Poor David Meyer.
He’s worked with Peter Brook.
He’s worked with Lindsay Kemp.
He even tried to kill James Bond.
And now he’s acting with me…
If you’re here for the first time…
So, Zoo Story. What’s it all about?
What’s the meaning of life? 42. Or something like that. Ask a silly question, get a silly answer eh? But how can you decide whether to spend your limited time and attention listening to this play? I get it. My habitual approach to deciding whether to commit to a play or a film or a book or whatever has been to ask “what’s it about?”
Then, a couple of days ago I listened to a favourite podcast which articulated something that I’ve been feeling for a LONG time. By which I mean, ever since I decided not to become a journalist 20 or more years ago, because I didn’t like the way that the obligation to describe an experience distanced me from actually experiencing it.
OVER EMPHASIS on INTERPRETING the work of art creates distance between the person critiquing it, and what may OTHERWISE have BEEN a visceral, powerful experience with the artwork in its more immediate form.
(about Susan Sontag)
Jeepers Stephen. I thought the whole point of a piece of art was to derive a meaning from it? Or impose one. If those are, in fact, different things. In fact, I thought that in a lot of cases the work of art may as well not even exist in the first place, because my analysis of it is more meaning-full than the object itself. Isn’t that the ethos and genesis of most cultural commentary? If I can’t spend my time juicing an experience for meaning, or tasting someone else’s interpretation juice, how am I meant to engage with it?
Stephen’s got a Sontag-based suggestion:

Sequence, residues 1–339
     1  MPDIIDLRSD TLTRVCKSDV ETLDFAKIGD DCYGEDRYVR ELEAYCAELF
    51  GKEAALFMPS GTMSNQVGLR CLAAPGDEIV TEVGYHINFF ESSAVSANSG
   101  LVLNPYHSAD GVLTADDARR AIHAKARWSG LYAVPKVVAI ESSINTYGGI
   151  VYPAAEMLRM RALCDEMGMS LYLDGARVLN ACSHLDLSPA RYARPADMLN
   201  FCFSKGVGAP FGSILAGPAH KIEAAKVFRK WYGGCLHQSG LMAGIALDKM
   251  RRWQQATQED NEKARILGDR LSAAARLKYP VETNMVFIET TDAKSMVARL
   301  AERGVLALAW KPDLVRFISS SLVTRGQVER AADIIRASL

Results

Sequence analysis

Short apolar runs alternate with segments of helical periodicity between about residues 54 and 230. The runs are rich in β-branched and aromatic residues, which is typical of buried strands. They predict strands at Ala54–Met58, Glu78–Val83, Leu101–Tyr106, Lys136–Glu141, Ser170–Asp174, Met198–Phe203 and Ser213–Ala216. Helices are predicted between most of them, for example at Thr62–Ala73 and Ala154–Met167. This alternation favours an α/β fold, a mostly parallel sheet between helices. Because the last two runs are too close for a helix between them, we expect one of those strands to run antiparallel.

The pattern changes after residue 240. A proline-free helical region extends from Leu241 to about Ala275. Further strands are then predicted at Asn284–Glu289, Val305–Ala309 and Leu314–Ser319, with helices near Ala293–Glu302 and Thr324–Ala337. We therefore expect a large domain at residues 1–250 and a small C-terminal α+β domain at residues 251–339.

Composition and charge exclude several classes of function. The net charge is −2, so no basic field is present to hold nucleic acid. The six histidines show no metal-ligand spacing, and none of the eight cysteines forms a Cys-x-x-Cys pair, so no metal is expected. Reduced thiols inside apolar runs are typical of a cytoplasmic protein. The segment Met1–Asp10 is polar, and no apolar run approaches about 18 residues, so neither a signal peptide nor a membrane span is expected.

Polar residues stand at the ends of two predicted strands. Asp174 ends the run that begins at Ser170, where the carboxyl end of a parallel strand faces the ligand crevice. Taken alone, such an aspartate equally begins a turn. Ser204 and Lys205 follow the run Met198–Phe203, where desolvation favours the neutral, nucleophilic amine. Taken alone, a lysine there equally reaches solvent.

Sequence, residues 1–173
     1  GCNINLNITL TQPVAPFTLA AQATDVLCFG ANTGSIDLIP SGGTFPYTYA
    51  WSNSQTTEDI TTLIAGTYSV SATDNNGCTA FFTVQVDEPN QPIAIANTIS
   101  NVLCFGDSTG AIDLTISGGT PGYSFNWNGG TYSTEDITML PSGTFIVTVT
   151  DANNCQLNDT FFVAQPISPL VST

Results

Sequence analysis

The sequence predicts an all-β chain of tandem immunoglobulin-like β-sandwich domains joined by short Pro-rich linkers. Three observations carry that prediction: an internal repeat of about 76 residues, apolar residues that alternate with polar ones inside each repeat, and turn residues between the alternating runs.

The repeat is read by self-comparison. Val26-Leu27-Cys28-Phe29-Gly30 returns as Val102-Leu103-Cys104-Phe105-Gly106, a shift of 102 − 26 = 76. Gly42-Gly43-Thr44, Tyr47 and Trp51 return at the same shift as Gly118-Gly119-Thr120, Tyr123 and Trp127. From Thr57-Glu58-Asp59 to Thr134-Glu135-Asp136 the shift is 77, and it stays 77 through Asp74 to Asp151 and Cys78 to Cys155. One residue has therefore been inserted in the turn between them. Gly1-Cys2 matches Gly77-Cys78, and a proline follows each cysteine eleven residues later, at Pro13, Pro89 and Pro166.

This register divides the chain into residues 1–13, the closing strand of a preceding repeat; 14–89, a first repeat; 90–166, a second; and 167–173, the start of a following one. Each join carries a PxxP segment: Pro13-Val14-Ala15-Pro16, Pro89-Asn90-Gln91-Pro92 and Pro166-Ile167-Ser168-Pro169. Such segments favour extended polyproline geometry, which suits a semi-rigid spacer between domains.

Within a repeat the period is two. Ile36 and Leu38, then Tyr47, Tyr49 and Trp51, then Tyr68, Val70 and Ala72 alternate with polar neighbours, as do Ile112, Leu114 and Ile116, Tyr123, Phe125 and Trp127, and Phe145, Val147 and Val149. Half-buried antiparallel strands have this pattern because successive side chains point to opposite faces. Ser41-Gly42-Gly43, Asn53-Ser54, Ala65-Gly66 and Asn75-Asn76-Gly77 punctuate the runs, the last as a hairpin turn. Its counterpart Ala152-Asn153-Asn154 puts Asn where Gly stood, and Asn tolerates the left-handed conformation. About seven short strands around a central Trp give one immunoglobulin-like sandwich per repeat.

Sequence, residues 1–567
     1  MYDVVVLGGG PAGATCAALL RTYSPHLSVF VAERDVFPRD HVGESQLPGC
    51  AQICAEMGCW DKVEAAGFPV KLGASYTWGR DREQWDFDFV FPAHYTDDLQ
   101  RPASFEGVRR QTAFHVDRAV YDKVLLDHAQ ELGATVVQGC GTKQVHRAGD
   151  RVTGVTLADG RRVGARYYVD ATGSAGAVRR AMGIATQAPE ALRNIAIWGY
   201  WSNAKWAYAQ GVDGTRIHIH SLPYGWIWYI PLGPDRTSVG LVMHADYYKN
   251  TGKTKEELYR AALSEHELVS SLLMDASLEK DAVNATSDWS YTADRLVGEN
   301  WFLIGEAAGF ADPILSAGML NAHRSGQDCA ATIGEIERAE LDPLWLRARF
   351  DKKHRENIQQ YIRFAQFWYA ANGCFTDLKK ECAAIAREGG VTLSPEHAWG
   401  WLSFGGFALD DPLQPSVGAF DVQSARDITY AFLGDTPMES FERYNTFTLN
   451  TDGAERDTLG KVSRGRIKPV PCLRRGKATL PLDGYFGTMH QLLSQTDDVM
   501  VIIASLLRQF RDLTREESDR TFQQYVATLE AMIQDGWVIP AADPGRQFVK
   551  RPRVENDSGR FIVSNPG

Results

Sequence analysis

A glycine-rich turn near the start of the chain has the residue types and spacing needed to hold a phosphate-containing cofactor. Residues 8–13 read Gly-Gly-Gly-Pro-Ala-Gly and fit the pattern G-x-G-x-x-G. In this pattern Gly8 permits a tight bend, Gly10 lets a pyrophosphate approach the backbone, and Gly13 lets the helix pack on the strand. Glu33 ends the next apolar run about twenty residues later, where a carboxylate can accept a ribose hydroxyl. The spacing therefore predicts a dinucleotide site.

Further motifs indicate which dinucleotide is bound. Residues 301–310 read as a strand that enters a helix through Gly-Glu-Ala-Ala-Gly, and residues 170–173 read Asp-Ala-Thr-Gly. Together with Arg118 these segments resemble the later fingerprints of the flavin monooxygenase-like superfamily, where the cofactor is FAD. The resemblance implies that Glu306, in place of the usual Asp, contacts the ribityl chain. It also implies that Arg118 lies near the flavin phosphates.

So INSTEAD of asking a question like what is this work of art about? We would ask questions more like: HOW is this work of art what it is? How was this song composed? What techniques and styles are used to MAKE this song whatever it is? In other words INSTEAD of focusing solely on the CONTENT of whatever the work of art is…Sontag thinks we should INSTEAD try to focus on the FORM of the artwork.
Here’s how this Zoo Story is what it is.
I’ve known David for 24 years. Since I first came to London to perform at Shakespeare’s Globe. We’ve been to many plays together, we’ve each done lots of acting separately, but never shared the same stage.
I thought we should do a play out loud together.
He’s in London, I’m in Norfolk. Neither of us are particularly free to travel for various life-stage reasons. I wanted to figure out a cool way to work with him that eliminated the traditional faff and fuss of putting on a play.
I wanted it to just be the two of us because it would involve less admin than recording a play with more people. I asked David to suggest a two-hander off the top of his head. This is the one he thought of. It’s by Edward Albee. I scraped a PDF off the internet, and took a few minutes to copy, paste and format it in ways that make it easier to sight read.
We recorded it over Zoom with no rehearsals, no stopping, in a single take, using quality mics and my teleprompter app. It looked a bit like this.
At the end of the session, I dragged our separate audio tracks into GarageBand. I trimmed the beginning and end, let the program automatically optimise the sound levels, added free sound FX to make it clear where the play starts and ends, and the final product was ready to listen to within an hour.
Then I listened to it while I folded laundry. It sounded like something worth sharing with you.
I think the audio quality is pretty darn good (though you be the judge, and tell me, eh?).
My experience was having a great time doing something I’m good at with a friend who’s even better. I hope I do this kind of thing again, soon.
So that’s the form.
Making it made me feel lots of things. Listening to it makes me feel other things. Some of what I feel is to do with the content, some is to do with the circumstances in which I created it.
I hope that hearing it is an experience for you too.
PS. How to listen to it.
You can listen by clicking on the play button^, or
via the substack app (if you have iPhone or iPad you can get that here), or
by feeling your way around some of the buttons^ that look like
I do it the third way so I can listen to it in the same way I listen to my other podcasts.
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